Visiting Writer: Maggie Miles

Edisson Hernandez, owner of the revered Las Chilmoleras restaurant in Oaxaca City, Mexico, knew he wanted to be a chef since he was a young boy helping his great-grandfather in the kitchen of his small ‘local,’ or restaurant space, in Bogota, Colombia. Every day he brought his abuelo gasoline and helped him set up the ‘carbon’ and marinate the ‘pollos rostizados,’ — his specialty. 

‘El tenia una receta muy especial,” says Hernandez. He had a very special recipe. But when his great-grandfather died, that special recipe died with him. “Nunca le dijo a nadie,” says Hernandez. He never told a soul. 

That experience inspired Hernandez to embark on a culinary journey all his own — to gain the knowledge and inspiration to create his own ‘recetas especiales.’ The journey began at SENA culinary institute in Bogota. Hernandez feels fortunate because culinary institutes in the early 90s were small and intimate. The teachers meticulously taught each step of the culinary dance, from milking cows and collecting chickens from ‘las fincas,’ to the minute technical details of cooking, all the way to the intricate art of plating. He left with the knowledge of a trained chef, but the next step was to find inspiration.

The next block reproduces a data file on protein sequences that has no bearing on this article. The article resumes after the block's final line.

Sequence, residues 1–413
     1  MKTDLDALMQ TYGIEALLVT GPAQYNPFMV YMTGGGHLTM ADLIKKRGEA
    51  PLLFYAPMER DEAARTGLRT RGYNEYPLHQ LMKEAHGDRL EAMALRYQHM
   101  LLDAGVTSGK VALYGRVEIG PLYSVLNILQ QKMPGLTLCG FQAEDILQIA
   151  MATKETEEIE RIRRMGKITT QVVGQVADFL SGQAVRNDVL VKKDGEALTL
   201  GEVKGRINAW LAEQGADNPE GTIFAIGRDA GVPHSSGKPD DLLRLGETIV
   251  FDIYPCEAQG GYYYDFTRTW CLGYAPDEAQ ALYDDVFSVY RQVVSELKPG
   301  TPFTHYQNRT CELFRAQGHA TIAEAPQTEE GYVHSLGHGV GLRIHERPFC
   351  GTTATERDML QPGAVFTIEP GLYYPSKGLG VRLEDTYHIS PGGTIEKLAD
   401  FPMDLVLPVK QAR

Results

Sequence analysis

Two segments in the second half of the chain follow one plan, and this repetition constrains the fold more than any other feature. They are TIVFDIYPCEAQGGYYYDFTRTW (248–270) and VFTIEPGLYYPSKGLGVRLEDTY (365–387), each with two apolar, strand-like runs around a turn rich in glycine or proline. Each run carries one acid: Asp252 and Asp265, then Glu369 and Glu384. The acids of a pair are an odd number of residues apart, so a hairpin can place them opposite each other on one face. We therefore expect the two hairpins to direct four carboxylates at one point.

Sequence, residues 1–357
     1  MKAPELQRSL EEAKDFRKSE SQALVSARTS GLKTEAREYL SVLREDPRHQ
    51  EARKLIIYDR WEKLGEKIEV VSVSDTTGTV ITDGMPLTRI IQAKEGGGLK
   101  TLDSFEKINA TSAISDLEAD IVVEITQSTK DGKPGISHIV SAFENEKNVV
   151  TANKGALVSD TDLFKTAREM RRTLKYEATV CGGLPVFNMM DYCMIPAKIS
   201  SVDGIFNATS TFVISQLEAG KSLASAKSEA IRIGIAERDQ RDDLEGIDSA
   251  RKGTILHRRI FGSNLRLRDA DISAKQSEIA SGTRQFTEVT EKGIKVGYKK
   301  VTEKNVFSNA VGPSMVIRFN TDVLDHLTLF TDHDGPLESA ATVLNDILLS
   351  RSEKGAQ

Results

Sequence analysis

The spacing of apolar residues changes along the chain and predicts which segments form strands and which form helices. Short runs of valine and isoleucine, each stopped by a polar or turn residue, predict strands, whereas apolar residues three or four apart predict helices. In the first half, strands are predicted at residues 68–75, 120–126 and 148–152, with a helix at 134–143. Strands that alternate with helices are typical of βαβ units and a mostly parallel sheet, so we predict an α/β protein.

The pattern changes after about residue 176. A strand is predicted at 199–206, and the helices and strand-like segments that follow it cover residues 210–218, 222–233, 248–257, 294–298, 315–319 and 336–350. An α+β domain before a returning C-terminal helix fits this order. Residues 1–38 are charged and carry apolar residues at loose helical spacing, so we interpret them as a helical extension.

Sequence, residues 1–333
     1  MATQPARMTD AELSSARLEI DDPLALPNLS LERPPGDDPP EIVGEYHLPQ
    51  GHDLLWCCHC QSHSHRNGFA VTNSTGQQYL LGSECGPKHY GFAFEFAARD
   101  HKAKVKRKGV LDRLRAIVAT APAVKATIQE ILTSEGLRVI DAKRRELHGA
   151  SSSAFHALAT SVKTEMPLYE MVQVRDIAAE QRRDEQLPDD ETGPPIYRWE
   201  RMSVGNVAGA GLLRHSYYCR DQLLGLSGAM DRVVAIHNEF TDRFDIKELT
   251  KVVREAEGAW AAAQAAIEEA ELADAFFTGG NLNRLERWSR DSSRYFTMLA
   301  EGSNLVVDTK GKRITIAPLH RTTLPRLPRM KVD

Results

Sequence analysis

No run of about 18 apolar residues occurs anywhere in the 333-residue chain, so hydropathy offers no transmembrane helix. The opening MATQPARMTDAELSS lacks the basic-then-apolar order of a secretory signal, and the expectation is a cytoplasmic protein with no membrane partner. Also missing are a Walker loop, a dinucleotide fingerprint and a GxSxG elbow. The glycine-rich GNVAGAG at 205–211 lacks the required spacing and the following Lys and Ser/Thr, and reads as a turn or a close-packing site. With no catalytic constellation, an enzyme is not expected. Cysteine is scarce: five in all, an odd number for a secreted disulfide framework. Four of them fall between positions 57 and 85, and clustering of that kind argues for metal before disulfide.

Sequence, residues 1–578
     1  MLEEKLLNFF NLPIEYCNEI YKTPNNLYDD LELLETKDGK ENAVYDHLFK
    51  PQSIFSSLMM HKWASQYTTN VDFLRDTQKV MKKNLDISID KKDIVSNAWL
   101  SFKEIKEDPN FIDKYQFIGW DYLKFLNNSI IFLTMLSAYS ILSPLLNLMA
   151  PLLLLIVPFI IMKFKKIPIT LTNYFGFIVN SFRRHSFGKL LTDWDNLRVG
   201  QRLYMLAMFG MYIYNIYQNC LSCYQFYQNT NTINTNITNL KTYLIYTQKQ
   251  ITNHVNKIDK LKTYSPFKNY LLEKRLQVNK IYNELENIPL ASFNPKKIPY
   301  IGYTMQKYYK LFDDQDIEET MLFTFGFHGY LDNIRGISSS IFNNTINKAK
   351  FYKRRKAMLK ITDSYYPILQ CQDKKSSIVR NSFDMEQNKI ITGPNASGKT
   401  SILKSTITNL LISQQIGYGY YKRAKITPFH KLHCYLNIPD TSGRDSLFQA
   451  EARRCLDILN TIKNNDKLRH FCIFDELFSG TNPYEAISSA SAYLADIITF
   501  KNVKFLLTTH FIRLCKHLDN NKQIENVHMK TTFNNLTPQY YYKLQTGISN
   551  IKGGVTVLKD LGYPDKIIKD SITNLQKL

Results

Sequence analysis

This search for inspiration led him on another journey, his ‘second school,’ as he calls it, climbing the ranks of kitchens in many countries, from his native Colombia, to Peru, Venezuela, Brazil, Guatemala, and finally – the United States. But Hernandez found he didn’t connect with the strict, regimented style of the kitchen culture in the U.S. He suddenly felt called to Mexico City, and when he entered a Mexican kitchen he knew he’d found the culinary dance he was looking for.

Nine years after arriving in this country, Mexican gastronomy is a dance he has never tired of. If you visit his modestly charming Jalatlatco eatery, you will find him dancing in the kitchen as he creates his contemporary Oaxacan dishes — and you can taste that passion and joy shine through in his very own ‘recetas especiales.’

While Hernandez is dancing in the kitchen, his ‘clientes’ take a dance of their own – a dance of the senses, or ‘los sentidos.’ First, your sight will be intoxicated by the fresh, green organic herbs, pink radishes, and the rainbow of fresh organic vegetables from small, local growers that accompany his dish. You smell the fresh bread — fresh sourdough, brioche, and cinnamon rolls that are baked fresh each day for his toasts, sandwiches and pastries. Your tastebuds will do a dance of their own as they savor the explosion of traditional Oaxacan flavors in his array of vibrant moles that he has jazzed up with his own contemporary flare. 

While he has a wide array of traditional Oaxacan dishes as well as a few from his native country of Colombia — the chilaquiles and omelets are the star — served up with his signature presentation, in ‘una chilmolera,’ the traditional stone mortar and pestle for which fresh Mexican herbs and sauces have been created for centuries.

A sense we have yet to mention is the sense of touch — and you will surely be touched by what you see, smell, and taste on the plate at Las Chilmoleras. When you take a bite of his food, you taste the journey Hernandez has taken to create his ‘recetas especiales,’ from his small culinary institute in Bogota, across the Americas, and into the heart of contemporary Oaxacan cuisine.